Journal of Katherine Mansfield 1927

Front Cover
Kessinger Publishing, Mar 1, 2003 - Biography & Autobiography - 304 pages
3 Reviews
Katherine Beauchamp was born in New Zealand and at the age of 13 was sent to England to school at Queen's College. It was here she truly began her writing career. It is difficult to compile a critical evaluation of Katherine Mansfield's work. Her work seems to be of a finer and purer kind than that of her contemporaries. It is more spontaneous, more vivid, more delicate and more beautiful. Katherine Mansfield responded more completely to life than any other writer and the effect of that more complete response is in her work. This is a collection of her journals with illustrations.

What people are saying - Write a review

LibraryThing Review

User Review  - Liz1564 - LibraryThing

Manja is the story of five children written from their conception to their twelfth year. Gmeyner writes about friendship, school , secret hideouts and wonderful games. What makes this novel different ... Read full review

LibraryThing Review

User Review  - startingover - LibraryThing

Manja is one of five children conceived in Germany in the spring of 1920. Her mother, Lea, has a one-night-stand with troubled David Goldstaub, haunted by his own and his family's past, who kills ... Read full review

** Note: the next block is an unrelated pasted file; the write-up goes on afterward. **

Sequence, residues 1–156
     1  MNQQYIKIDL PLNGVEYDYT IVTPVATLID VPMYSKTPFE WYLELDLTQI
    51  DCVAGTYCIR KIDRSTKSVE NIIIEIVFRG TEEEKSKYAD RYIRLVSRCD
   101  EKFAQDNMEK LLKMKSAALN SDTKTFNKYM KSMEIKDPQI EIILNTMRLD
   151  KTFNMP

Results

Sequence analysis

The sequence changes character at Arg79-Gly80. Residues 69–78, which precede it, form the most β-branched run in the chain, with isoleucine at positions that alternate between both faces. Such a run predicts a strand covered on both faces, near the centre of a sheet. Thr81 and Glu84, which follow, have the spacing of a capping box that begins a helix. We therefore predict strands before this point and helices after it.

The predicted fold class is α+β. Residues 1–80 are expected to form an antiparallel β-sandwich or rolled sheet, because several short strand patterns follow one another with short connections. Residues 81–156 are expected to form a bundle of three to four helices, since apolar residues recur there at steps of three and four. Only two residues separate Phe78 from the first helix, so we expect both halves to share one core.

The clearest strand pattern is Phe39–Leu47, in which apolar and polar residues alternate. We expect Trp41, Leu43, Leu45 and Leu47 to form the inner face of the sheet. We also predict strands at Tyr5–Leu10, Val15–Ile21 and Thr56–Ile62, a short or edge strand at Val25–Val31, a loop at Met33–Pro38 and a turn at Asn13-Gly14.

References to this book

About the author (2003)

Katherine Mansfield was born Katherine Beauchamp in Wellington, New Zealand on October 14, 1888, the third daughter of a prominent banker. She attended the Wellington College for Girls before entering Queen's College in London in 1903. Her interest in the cello led to lessons at the Royal Academy of Music, where she became secretly engaged to a young prodigy named Arnold Trowell, who already had a successful concert career. Upon being summoned back to New Zealand by her father in 1906, she decided to abandon music in favor of writing. She soon had three stories published in a Melbourne monthly and gained her father's consent to return to England. Once there, she became depressed when she found that Trowell no longer loved her, and she rushed into a hasty marriage to a young musician, only to leave him a few days later. She had a miscarriage, which marked the beginning of her decline in health. After returning to England in 1910, Katherine Beauchamp published her work under the name Katherine Mansfield. A collection of her stories, "In a German Pension," was published in 1911. A year later, she met John Middleton Murry, who eventually became her second husband when she was finally able to secure a divorce. By the time of this marriage in 1918, Mansfield was found to have tuberculosis. Her ill health, combined with the death of her brother in World War I, turned the focus of her work inward and on her homeland. Her memoirs, collected in a book entitled "Bliss," secured her reputation as a writer, and she followed it up with the equally acclaimed "Garden Party and Other Stories." Her lyrical style and stream of consciousness method placed her along side James Joyce and Virginia Woolf for her strength of characterization and her subtlety of detail. Katherine Mansfield died on January 9, 1923 at the Gurdjieff Institute for the Harmonic Development of Man at Fontainebleau.

Bibliographic information